If you haven't already heard it, there's a saying, "If you put a bunch of monkeys in a room with a typewriter, they will eventually write the complete works of Shakespeare."
This phenomenon has actually got a name- it's called the Infinite Monkey Theorem
I know what you're thinking, here we go again with the obtuse references. Land the plane, Bill... what does this have to do with luthierie?
Sometimes, as an instrument maker working alone, you feel like you're finding your way along, but your journey is beset with obstacles, mistakes, do overs. What this ultimately means is (hopefully) improvement. You learn what works but many times by learning what NOT to do. The important thing is the end product that leaves the shop is up to snuff and everyone is happy.
But, for me there's always that nagging feeling that there's improvement to be had somewhere. It could just be in the process and how it can be improved. I'm not doing mass-production but if there's a more efficient way to do something, I'm open to it.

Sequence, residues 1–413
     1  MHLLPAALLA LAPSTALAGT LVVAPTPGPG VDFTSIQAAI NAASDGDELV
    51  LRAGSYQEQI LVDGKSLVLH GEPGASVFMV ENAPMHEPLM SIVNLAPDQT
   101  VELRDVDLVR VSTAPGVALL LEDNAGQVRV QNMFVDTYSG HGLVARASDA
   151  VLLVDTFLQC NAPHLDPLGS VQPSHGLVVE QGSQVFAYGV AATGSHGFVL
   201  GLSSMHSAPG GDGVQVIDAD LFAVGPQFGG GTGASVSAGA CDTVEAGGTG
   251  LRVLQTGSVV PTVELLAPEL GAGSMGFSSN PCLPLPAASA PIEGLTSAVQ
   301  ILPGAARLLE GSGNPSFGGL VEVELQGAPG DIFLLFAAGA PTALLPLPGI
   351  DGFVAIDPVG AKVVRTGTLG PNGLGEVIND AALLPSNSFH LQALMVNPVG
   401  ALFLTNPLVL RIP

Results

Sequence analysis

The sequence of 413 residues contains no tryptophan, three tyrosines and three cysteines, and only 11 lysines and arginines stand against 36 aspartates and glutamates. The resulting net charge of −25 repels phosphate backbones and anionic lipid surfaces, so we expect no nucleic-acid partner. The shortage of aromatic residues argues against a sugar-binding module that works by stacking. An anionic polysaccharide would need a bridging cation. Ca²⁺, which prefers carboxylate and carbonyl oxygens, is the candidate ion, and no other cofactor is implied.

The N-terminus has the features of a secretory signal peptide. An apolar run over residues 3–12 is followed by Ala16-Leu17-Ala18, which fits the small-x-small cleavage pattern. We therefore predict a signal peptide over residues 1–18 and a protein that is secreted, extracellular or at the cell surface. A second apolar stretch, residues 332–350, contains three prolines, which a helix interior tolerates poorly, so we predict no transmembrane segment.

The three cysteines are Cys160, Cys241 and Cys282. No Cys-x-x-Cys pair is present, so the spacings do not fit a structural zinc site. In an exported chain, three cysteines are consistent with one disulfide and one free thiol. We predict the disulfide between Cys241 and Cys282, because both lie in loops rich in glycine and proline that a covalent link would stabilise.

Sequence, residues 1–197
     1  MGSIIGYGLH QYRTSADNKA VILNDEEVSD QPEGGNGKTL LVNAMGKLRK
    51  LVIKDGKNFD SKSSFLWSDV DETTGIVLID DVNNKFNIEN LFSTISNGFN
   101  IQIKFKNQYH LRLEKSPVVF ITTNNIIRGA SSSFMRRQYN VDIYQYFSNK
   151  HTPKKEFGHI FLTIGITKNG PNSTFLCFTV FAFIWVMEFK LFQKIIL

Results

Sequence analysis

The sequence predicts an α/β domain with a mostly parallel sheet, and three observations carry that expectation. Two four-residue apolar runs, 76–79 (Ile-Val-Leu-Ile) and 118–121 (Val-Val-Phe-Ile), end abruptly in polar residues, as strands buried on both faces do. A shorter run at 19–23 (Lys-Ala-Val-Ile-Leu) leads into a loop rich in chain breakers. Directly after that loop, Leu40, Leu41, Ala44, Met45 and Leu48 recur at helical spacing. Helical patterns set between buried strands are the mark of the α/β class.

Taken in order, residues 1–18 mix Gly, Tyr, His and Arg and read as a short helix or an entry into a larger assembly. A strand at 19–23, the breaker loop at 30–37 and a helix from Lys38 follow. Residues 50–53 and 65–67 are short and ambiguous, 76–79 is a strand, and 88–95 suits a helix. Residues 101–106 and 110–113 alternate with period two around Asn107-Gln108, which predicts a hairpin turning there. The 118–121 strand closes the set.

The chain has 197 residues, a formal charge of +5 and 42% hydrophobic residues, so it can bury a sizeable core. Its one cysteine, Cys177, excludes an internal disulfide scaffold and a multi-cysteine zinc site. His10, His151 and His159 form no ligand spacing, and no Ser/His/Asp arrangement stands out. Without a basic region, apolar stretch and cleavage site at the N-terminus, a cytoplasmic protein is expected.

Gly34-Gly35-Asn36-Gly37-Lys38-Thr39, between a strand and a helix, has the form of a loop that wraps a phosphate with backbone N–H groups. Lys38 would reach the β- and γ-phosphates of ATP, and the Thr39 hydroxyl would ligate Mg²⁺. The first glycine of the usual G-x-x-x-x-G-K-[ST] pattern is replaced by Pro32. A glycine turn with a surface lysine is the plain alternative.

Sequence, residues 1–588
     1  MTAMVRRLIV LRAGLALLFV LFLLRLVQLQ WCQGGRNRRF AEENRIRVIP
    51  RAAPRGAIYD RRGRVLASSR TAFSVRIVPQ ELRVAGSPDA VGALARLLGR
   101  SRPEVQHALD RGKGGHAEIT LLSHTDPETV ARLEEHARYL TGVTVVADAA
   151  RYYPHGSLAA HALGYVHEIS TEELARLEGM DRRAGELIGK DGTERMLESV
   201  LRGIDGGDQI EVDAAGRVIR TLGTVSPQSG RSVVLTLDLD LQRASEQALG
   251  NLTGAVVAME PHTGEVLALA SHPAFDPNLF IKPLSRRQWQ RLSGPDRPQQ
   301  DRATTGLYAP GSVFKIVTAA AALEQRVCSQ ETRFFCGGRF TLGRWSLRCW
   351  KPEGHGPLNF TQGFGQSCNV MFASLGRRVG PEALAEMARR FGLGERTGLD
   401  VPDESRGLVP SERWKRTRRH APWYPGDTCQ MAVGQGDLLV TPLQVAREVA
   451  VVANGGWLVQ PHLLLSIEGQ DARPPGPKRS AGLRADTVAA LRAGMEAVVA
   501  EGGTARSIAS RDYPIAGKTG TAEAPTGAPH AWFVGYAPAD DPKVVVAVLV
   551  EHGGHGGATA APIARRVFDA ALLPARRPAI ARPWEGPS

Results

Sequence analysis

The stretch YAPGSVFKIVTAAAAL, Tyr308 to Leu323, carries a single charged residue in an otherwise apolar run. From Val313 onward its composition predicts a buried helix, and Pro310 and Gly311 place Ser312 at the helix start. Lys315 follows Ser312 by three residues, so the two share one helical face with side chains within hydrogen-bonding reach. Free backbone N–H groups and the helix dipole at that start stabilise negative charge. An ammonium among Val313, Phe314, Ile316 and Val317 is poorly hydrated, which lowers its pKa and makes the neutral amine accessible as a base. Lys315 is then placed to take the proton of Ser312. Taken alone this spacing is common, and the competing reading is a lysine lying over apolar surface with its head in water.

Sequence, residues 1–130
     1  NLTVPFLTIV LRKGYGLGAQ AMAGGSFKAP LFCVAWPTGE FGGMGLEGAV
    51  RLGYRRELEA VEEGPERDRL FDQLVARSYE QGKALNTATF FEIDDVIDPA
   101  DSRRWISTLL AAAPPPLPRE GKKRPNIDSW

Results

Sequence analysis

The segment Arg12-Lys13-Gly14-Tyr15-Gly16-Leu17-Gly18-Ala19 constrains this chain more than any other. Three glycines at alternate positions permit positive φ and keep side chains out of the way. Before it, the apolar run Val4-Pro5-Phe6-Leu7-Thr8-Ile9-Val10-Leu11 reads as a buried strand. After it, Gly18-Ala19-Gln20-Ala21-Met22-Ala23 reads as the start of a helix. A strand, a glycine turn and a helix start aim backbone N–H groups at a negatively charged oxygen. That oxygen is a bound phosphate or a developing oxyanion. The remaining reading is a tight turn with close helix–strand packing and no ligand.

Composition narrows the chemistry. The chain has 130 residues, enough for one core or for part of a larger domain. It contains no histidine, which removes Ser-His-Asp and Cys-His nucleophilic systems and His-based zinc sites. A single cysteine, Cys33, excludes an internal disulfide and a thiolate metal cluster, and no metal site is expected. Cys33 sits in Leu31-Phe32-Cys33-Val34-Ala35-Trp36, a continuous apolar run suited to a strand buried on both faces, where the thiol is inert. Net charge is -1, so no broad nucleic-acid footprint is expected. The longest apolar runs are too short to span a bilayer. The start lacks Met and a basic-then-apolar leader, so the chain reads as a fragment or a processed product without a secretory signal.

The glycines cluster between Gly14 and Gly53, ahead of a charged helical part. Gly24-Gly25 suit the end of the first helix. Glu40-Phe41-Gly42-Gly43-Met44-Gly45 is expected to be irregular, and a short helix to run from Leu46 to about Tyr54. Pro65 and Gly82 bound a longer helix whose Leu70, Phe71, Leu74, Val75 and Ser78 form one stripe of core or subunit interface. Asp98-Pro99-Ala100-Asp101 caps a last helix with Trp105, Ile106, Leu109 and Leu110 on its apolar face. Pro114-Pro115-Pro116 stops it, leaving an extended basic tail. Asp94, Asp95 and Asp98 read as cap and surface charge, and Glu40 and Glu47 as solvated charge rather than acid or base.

Compared to guitar and violin makers, lute makers are a very rare breed,- schools are rare as are other in-person methods of learning. Aside from the ultra-rare apprenticeship, it's impossible to completely circumvent the process of trial and error, especially when starting out. A period discovery ensues where one finds that what seems to work for some, may not work for others. For instance, I think of one maker's method of fitting ribs to build the back of a lute- which is completely different to other makers' methods- which is different than the method I have become comfortable with.
As stated before, I am very grateful to those who have been so helpful to give me advice. I will say that however helpful in unlocking the secrets of lute making, all the advice in the world can't give you the tactile experience of what doing fine work feels like with your hands. For example, I've asked myself-
How much pressure to use with that chisel?
What does the consistency of the hide glue need to feel like for that given operation?
How much should I thin that varnish?